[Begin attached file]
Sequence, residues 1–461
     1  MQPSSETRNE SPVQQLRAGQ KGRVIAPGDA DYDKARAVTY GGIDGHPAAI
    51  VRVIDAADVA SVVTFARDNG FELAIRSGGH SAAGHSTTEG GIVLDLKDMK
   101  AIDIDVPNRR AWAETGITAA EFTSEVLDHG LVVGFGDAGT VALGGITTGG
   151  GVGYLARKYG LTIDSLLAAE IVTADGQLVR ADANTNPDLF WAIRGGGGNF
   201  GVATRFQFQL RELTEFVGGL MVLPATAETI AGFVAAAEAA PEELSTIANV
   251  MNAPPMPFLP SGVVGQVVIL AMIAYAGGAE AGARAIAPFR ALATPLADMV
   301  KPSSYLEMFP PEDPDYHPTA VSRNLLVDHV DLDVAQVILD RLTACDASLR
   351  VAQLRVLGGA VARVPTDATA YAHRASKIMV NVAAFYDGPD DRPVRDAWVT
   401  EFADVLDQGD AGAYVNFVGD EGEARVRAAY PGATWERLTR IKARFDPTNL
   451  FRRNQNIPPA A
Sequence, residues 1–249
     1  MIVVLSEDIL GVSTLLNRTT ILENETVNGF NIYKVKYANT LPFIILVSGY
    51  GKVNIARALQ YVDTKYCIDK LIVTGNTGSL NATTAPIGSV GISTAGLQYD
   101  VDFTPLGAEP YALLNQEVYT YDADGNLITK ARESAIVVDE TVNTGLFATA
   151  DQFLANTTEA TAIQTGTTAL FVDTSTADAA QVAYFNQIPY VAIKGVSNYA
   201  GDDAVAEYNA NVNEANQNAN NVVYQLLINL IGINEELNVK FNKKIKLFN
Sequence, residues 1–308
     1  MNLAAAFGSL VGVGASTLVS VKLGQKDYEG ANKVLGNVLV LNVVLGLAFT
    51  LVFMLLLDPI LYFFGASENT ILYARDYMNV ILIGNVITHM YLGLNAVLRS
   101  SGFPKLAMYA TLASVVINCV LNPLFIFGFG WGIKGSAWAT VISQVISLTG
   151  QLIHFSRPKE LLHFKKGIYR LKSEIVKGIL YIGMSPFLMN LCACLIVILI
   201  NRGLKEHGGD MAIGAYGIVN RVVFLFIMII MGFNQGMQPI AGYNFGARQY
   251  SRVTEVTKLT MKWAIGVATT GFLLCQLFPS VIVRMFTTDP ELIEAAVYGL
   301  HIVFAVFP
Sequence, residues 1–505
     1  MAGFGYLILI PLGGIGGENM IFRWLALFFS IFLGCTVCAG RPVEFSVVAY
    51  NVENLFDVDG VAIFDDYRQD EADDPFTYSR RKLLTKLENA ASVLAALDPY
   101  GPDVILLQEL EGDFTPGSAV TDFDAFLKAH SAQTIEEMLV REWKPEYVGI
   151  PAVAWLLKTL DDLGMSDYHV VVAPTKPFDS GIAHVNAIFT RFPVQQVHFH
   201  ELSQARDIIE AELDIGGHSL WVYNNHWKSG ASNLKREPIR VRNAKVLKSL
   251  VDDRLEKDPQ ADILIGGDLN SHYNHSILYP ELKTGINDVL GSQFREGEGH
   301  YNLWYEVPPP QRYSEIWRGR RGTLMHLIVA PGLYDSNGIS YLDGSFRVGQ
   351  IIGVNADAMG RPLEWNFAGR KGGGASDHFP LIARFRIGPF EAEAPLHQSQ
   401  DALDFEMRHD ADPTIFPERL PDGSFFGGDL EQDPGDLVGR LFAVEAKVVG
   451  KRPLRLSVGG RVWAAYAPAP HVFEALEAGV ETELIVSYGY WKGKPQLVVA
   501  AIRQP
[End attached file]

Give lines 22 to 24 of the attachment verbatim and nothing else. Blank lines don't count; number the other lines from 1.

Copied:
   151  QLIHFSRPKE LLHFKKGIYR LKSEIVKGIL YIGMSPFLMN LCACLIVILI
   201  NRGLKEHGGD MAIGAYGIVN RVVFLFIMII MGFNQGMQPI AGYNFGARQY
   251  SRVTEVTKLT MKWAIGVATT GFLLCQLFPS VIVRMFTTDP ELIEAAVYGL